Computer Information Systems

Computer Information Systems Course Offerings

Computer Information Systems course offerings will be found under the 4 letter code of CIST in the course listings.

These courses do not apply toward either the Business Administration major or the Computer Science major .  See the Business Administration or Computer Science Course Descriptions for the computer information systems courses that apply toward the B.S. degree in Business Administration or Computer Science.

299 – Introduction to Computer Information Systems (3)

This course provides a foundational knowledge base for students in computer information systems. Topics include file structures, pseudocode, algorithms, and basics in procedural and object-oriented programming. The operating systems component includes reviews of popular operating systems, file management, and computer hardware. The Internet component introduces infrastructure of the Internet, electronic mail, FTP, creating web pages using HTML, and basics of e-business and e-commerce.

301 – Business Information Systems (3)

This course covers how organizations can use information systems strategically to reengineer business processes. Topics include theories, principles, and business cases about a variety of business applications supporting different organizational levels and functions.

304 – Computer Information Systems Programming I (3)

Prerequisite: CIST 299 or equivalent. This course is an introduction to the implementation of business applications using structured and object-oriented logic for business systems. Emphasis is on problem solving, report generation, and programming skills for business applications. Topics include basic controls and events, operations and built-in functions, input and output procedures, menus and multiple form applications, principles of programming elements, graphical user interface design, and database transactions.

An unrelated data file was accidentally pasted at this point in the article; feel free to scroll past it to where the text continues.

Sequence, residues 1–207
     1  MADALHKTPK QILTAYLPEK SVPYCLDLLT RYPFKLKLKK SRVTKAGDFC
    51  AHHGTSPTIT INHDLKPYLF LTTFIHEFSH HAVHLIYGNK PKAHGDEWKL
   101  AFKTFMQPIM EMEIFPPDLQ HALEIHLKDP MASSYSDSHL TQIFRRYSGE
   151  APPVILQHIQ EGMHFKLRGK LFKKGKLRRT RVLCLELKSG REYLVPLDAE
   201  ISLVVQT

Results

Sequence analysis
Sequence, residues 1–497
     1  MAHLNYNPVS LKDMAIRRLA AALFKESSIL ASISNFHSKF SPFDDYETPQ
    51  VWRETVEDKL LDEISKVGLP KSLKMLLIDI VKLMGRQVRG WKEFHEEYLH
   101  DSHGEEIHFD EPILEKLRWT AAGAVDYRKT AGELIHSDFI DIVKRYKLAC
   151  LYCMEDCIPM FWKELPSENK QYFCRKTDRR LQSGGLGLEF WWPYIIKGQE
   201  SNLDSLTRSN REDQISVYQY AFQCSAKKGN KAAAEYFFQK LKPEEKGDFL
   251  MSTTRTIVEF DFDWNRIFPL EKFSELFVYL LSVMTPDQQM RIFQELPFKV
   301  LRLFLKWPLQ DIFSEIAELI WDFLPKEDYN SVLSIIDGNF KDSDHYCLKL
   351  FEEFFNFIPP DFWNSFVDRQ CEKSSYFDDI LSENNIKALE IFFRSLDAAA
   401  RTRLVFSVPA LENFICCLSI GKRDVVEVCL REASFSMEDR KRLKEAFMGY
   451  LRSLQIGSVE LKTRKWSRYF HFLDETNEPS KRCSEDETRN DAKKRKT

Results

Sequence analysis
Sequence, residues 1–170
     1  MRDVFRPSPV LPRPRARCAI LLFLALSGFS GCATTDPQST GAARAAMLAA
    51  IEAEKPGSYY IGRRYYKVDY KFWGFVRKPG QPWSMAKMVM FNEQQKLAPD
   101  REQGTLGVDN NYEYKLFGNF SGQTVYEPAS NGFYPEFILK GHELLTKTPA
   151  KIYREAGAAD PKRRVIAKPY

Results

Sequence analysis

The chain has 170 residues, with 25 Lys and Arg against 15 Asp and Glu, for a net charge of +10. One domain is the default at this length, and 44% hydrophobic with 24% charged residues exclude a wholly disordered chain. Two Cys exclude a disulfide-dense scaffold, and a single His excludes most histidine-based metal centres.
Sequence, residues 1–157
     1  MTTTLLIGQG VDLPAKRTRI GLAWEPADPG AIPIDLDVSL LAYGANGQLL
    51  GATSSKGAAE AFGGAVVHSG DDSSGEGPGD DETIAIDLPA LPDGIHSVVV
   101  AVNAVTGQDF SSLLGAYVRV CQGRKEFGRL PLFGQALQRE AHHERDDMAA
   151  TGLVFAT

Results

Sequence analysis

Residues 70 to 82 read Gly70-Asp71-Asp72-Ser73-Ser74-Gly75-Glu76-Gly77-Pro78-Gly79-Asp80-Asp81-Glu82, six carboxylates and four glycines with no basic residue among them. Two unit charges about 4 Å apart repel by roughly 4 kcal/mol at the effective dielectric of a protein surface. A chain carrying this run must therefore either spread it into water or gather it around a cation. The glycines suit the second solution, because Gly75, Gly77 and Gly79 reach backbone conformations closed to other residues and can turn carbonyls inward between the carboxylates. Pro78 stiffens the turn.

305 – Computer Information Systems Programming II (3)

Prerequisite: CIST 299 or equivalent and CIST 304. This course covers effective modeling techniques using a standard modeling programming language. Students learn to model and create special applications in spreadsheets to support business processes and decision making. Students also develop customized programming solutions and gain the skills necessary to develop macros, format  worksheets, create user-interactive macros, and perform calculations.

401 – Database Systems (3)

Prerequisite: CIST 299 or equivalent. The course focuses on the principles of relational database design and data management. It covers application development in a database environment including evaluation, installation, maintenance, and administration of relational databases. The role of databases in the business environment is covered in detail with an advanced introduction to the concepts for modeling, designing, querying, and managing large databases.

406 – Data Communications and Networking (3)

Prerequisite: CIST 299 or equivalent. Topics covered in this course include data communication technologies; the role of data communication in business; computer networks and data communication architectures; network protocols and topologies; technical challenges underlying the integration of data communication technologies for business process improvement; concepts of local area network and wide area network management; network program interfaces; and emerging computer network applications. Emphasis is placed on the use of networks and data communications to support business applications and their associated information systems.

425 – Systems Analysis (3)

Prerequisite: CIST 299 or equivalent. This course introduces the concepts and theory that underlie business processes from a systems analysis perspective. The course covers principles, methods, techniques, and tools to guide and assist in the processes of systems analysis and design. Topics include technical aspects such as data modeling and organizational and human aspects of a systems analysis.

426 – Managing Emerging Technologies (3)

Prerequisite: CIST 299 or equivalent. Students learn to compare and contrast established and emerging technologies and to identify common difficulties faced by managers making the transition from one to another. Students examine the technology management process related to emerging technologies, including assessment of market potential, development of management strategies, review of financial obligations and tradeoffs, and the potential impact on organizational mission and culture. Students are exposed to theory and practice in an area that demands rethinking of traditional practices in all management functions.

440 – Computer Information Security (3)